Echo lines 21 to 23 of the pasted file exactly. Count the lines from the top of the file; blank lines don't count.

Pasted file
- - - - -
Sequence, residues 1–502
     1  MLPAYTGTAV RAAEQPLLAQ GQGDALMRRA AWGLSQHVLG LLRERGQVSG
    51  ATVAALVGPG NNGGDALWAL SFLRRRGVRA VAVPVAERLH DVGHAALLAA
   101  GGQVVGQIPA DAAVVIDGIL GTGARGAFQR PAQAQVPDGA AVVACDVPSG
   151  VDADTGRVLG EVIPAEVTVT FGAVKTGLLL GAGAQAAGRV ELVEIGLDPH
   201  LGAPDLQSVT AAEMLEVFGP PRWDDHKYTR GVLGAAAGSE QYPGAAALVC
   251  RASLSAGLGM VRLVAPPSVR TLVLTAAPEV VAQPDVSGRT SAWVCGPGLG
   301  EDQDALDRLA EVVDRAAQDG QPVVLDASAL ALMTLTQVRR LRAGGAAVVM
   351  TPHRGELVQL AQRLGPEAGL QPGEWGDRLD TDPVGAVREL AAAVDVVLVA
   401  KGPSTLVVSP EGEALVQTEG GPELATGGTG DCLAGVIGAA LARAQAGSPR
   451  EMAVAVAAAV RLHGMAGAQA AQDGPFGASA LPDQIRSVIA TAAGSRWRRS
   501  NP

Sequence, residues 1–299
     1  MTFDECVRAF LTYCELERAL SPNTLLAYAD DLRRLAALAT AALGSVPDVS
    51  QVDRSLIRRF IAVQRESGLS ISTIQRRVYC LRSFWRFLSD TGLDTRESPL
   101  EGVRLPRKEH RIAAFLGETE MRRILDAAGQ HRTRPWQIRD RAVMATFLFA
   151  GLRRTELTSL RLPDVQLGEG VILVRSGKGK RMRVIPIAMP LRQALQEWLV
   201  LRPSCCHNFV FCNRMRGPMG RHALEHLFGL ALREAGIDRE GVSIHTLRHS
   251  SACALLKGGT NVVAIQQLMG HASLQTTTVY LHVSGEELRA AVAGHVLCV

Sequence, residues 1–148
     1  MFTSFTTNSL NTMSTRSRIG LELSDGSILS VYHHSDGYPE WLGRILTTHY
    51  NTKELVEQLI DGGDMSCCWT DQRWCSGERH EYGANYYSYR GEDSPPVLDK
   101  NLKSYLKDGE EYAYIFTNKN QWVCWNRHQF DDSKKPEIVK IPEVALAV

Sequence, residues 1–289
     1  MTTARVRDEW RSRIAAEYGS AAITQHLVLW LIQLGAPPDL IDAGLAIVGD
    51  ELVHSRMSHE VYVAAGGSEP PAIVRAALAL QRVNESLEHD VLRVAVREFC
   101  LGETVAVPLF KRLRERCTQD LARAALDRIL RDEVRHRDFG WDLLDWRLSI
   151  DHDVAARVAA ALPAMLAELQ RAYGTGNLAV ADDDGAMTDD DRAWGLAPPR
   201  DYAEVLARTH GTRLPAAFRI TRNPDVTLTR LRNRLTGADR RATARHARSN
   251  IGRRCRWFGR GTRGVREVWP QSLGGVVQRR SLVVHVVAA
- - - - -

     1  MFTSFTTNSL NTMSTRSRIG LELSDGSILS VYHHSDGYPE WLGRILTTHY
    51  NTKELVEQLI DGGDMSCCWT DQRWCSGERH EYGANYYSYR GEDSPPVLDK
   101  NLKSYLKDGE EYAYIFTNKN QWVCWNRHQF DDSKKPEIVK IPEVALAV